- Bend your knees slightly, drive your elbows forward and under the bar, and catch it across the front of your shoulders.
- Roll the bar down the front of your body and lower it to the floor.
- Do not allow your lower back to round out at any point during this exercise.
- Bent-over rows
Bent-over rows work your lats, which are the large, wing-shaped muscles on the side of your back. In addition, they work your posterior or rear deltoids, your middle trapezius, and rhomboids, and your legs and glutes also get in on the action. This is a very good exercise for better posture.
How to do it:
- Hold your barbell with an overhand, slightly wider than shoulder-width grip. Stand with your feet between shoulder and hip-width apart. Bend your knees slightly and then lean forward from your hips until your upper body is inclined to about 75 degrees.
- Bend your arms and pull the bar up and into your abdomen. Lead with your elbows, keep your upper arms tucked in close to your ribs, and pull your shoulders down and back. Do not round your lower back.
- Extend your arms and repeat.
The push-press is an explosive shoulder exercise. Unlike regular shoulder presses, with the push-press, you are actually required to use your legs to help you lift the weight. This is what makes the push-press a whole-body exercise.
How to do it:
- Hold a barbell in front of your shoulders using an overhand, shoulder-width grip. Step out and into a shoulder-width stance. Brace your abs.
- Push your hips back, bend your legs, and squat down into a quarter-depth squat.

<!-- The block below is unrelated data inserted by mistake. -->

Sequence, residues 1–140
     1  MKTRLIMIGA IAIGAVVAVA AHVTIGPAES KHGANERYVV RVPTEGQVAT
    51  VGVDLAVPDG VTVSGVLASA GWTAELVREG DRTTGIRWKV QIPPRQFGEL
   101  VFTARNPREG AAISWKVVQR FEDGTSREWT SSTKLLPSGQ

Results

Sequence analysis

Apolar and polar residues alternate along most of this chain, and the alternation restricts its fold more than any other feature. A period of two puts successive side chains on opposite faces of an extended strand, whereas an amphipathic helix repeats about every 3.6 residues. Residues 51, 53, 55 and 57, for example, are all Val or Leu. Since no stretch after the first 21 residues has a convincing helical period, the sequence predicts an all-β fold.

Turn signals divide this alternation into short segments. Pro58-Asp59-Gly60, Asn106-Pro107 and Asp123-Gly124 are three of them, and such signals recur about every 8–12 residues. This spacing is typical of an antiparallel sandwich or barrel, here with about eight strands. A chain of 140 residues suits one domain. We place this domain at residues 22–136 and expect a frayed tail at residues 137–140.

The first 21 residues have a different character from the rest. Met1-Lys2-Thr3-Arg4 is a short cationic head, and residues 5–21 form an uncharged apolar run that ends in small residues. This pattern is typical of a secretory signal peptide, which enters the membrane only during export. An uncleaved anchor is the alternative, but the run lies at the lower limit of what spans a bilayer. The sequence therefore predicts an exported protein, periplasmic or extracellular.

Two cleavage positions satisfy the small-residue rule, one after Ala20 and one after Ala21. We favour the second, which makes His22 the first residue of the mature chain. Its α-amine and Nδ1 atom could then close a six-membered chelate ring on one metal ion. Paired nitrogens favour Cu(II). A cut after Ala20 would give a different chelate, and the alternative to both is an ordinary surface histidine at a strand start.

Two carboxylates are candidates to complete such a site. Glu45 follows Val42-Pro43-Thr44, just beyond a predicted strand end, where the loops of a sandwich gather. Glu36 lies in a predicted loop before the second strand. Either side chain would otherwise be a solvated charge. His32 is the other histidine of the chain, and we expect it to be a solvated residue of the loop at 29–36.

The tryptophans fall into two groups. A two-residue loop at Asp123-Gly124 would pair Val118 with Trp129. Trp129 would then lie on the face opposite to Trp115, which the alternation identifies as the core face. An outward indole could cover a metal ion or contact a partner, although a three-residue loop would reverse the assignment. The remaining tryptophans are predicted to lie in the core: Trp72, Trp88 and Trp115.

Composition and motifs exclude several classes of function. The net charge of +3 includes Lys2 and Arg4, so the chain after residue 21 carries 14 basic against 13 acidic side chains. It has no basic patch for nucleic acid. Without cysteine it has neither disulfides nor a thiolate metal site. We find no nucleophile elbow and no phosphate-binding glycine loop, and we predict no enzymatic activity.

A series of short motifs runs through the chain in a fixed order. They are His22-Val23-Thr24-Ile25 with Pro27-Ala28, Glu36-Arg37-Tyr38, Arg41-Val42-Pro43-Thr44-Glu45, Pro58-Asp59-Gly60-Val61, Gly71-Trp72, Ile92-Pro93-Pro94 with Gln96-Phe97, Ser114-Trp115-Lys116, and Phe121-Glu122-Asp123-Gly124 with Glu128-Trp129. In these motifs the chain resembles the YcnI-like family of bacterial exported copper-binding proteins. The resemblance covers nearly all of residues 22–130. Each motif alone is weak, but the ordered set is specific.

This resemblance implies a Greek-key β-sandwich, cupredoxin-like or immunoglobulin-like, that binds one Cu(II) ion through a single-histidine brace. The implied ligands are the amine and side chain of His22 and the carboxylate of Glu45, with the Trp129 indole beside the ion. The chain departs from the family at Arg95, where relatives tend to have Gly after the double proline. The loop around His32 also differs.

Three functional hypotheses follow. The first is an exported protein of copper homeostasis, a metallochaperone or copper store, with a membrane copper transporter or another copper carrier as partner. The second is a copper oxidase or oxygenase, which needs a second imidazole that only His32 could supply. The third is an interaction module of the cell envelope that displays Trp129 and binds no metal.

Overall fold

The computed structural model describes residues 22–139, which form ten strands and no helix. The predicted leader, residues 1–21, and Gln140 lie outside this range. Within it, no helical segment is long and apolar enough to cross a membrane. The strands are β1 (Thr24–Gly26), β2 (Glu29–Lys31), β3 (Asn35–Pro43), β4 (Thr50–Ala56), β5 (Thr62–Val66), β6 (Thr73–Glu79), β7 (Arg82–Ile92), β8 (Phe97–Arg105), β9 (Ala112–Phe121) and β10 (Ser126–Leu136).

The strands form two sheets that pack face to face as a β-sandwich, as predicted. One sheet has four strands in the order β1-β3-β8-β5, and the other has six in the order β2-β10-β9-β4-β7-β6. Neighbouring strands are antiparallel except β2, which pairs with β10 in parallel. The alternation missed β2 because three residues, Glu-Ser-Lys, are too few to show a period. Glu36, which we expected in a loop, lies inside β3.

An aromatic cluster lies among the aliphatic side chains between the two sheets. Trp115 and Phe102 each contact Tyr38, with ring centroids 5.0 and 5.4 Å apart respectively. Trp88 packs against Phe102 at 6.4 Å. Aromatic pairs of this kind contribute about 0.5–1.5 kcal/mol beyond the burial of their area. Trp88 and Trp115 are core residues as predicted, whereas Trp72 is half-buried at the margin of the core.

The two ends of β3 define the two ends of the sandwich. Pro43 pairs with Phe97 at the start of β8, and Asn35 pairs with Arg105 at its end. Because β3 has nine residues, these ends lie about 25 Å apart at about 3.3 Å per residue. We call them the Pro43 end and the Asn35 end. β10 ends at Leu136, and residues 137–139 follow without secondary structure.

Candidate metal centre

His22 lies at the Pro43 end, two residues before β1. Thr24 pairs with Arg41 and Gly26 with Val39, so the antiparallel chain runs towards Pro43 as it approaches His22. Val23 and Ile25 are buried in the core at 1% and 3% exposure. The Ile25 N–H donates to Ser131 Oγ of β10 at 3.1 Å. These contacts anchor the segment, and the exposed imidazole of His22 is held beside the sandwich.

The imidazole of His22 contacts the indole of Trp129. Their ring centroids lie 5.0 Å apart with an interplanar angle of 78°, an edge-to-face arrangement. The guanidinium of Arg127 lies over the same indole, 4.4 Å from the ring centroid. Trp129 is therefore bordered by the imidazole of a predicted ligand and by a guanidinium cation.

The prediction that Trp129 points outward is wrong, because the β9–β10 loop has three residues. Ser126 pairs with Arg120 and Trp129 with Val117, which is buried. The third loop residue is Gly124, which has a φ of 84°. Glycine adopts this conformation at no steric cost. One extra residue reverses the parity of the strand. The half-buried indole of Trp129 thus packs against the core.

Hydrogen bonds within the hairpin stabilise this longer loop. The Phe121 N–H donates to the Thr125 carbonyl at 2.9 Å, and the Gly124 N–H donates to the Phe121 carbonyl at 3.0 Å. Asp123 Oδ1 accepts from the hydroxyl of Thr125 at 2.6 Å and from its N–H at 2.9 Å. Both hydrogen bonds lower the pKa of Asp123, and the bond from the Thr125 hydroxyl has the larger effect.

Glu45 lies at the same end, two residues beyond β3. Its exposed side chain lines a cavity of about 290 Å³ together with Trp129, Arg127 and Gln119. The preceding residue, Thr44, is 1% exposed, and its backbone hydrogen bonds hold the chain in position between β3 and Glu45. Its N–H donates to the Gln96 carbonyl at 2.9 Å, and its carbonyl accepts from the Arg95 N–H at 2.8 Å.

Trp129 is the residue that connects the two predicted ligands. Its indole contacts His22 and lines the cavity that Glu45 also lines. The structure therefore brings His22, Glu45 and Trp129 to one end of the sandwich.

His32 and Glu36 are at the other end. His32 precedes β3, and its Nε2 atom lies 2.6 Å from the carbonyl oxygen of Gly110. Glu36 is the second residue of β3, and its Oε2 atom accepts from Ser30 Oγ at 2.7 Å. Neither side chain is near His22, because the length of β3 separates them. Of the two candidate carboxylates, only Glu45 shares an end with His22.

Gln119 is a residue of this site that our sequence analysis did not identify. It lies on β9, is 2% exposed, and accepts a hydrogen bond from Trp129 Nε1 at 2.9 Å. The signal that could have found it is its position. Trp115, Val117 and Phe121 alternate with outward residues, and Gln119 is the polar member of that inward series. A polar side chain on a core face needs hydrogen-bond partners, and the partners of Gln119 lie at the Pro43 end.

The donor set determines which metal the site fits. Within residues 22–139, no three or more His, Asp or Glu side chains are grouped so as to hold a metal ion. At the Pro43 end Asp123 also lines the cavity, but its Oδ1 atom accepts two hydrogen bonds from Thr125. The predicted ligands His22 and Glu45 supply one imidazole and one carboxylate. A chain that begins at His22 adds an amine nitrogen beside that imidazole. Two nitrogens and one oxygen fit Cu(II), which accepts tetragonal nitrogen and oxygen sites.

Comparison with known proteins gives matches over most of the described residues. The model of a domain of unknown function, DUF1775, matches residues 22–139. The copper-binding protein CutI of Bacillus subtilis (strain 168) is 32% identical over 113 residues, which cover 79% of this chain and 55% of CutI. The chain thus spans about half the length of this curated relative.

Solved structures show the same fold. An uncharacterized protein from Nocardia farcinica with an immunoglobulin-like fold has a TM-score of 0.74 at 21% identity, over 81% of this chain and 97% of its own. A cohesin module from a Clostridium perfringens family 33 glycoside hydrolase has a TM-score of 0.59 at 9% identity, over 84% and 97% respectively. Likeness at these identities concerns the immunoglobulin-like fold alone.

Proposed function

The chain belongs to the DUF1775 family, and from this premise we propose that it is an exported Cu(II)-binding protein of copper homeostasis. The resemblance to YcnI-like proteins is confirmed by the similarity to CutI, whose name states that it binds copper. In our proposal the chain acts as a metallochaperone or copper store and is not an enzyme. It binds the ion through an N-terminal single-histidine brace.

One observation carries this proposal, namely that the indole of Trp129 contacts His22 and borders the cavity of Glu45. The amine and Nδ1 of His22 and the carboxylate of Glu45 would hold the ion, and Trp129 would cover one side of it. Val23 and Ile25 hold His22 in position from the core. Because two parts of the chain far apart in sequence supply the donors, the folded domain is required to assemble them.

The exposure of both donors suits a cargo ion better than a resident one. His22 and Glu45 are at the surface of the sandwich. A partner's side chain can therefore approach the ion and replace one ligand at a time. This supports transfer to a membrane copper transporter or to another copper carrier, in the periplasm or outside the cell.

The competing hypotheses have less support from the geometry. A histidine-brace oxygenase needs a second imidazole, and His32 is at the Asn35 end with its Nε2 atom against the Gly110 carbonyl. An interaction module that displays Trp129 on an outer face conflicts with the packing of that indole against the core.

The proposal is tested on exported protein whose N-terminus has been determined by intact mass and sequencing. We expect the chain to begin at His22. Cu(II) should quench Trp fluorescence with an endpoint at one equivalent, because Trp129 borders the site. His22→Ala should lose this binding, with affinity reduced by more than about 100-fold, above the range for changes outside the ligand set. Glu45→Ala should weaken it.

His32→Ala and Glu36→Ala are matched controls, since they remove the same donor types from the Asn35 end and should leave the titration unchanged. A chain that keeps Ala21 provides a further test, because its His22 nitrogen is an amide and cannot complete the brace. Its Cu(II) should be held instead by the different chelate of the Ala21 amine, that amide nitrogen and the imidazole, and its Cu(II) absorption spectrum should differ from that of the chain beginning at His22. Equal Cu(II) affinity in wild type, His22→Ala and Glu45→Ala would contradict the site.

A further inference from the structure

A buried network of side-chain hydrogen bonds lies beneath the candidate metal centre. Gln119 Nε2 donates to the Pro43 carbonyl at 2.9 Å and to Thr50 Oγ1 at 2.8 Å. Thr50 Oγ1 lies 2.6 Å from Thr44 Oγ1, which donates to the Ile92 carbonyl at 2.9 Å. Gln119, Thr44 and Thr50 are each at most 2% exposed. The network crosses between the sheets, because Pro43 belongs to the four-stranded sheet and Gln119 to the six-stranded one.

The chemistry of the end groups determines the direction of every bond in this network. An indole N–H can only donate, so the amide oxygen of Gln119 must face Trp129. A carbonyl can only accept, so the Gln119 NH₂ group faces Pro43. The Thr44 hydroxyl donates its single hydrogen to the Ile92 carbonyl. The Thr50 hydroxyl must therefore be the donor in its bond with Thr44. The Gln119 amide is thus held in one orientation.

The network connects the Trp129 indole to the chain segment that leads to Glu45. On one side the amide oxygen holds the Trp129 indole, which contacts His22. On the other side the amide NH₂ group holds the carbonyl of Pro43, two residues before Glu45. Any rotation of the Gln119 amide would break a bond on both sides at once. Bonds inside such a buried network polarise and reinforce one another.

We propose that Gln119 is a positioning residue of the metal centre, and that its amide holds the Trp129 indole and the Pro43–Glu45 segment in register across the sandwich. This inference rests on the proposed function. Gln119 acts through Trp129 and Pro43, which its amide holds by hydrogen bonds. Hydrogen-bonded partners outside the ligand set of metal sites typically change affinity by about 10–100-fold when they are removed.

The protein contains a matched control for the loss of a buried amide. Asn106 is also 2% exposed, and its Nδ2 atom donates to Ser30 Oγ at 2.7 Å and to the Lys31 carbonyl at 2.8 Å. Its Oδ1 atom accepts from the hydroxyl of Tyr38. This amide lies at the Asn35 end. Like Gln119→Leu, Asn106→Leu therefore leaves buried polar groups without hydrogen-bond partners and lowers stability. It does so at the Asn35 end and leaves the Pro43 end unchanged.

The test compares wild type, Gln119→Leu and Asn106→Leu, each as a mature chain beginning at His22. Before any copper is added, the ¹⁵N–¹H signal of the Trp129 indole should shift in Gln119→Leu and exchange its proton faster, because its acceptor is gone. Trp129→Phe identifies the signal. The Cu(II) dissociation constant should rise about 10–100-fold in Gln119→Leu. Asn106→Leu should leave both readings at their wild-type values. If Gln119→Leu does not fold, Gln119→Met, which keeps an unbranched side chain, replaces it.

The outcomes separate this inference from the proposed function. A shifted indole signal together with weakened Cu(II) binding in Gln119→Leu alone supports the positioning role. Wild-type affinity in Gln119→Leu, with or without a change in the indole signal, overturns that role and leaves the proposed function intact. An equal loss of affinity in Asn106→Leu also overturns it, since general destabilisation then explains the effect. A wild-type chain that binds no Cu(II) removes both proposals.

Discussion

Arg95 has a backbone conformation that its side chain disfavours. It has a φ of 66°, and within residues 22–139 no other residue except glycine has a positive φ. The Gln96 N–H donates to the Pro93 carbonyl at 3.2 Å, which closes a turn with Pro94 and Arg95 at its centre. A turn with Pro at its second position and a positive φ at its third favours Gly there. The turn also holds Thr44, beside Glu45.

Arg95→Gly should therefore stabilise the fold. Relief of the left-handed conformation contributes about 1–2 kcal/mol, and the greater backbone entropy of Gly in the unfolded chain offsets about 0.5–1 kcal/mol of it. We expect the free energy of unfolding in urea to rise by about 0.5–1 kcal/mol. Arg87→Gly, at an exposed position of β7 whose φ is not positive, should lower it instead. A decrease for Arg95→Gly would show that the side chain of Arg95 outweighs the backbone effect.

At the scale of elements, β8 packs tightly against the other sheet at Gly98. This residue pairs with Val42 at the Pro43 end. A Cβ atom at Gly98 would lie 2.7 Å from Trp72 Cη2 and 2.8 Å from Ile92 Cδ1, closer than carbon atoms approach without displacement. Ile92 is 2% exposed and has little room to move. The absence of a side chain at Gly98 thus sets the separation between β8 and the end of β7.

- Stand up explosively and use this momentum to help you press the weight up and overhead.
- Lower the bar back to your shoulders and repeat.
- Zercher squats
Your final exercise in this sequence is the Zercher squat. Working your legs and upper body, this somewhat unusual exercise is an excellent alternative to front, back, and goblet squats. It might not be easy, but that’s what makes it so rewarding.
How to do it:
- Hold a barbell in the crook of your elbows. Clasp your hands together and pull them in close to your chest to secure the bar in place. Step out and into a shoulder-width stance, toes turned slightly outward. Brace your core for added stability.
- Push your hips back, bend your knees, and squat down until your thighs are roughly parallel to the floor. Do not round your lower back.
- Stand back up and repeat.
Modifications for beginners
There are several ways you can modify this workout to make it more manageable. Things to try include:
Use less weight – an average Olympic barbell weighs 20kg or 45lbs. That’s quite heavy! If 20kg sounds like too much for you, swap your bar for a lighter ¾ bar designed for Olympic lifting. Alternatively, just use a broomstick.
Do fewer reps – reduce the rep count to make this workout easier. This will not only shorten the work periods, but it will also extend the rest periods. This is a useful modification for less fit exercisers.
Use longer intervals – longer intervals make most workouts harder, but this one is the exception. Longer work intervals mean you’ll have longer to rest before you need to start your next exercise. Try going every 75 seconds, or even every 90 seconds. Then, as you get used to the workout, start cutting the time down by 5 seconds each week or so.
Do fewer laps – the workout calls for four laps to total 20 minutes. If that’s too much, why not just do three laps, or even two. You could also add a 1 to 2-minute rest between laps. Just remember to pause your Gymboss timer.
Strength training is often made out to be more complicated than it really is. In the simplest of terms, so long as you expose your muscles to sufficient stress, it really doesn’t matter which exercises you do or which training program you follow – everything works if you put the effort in.
That said, if you want a fast and furious workout that involves virtually every muscle in your body, including your heart and lungs, this one is for you. And all you need is a barbell and a Gymboss timer!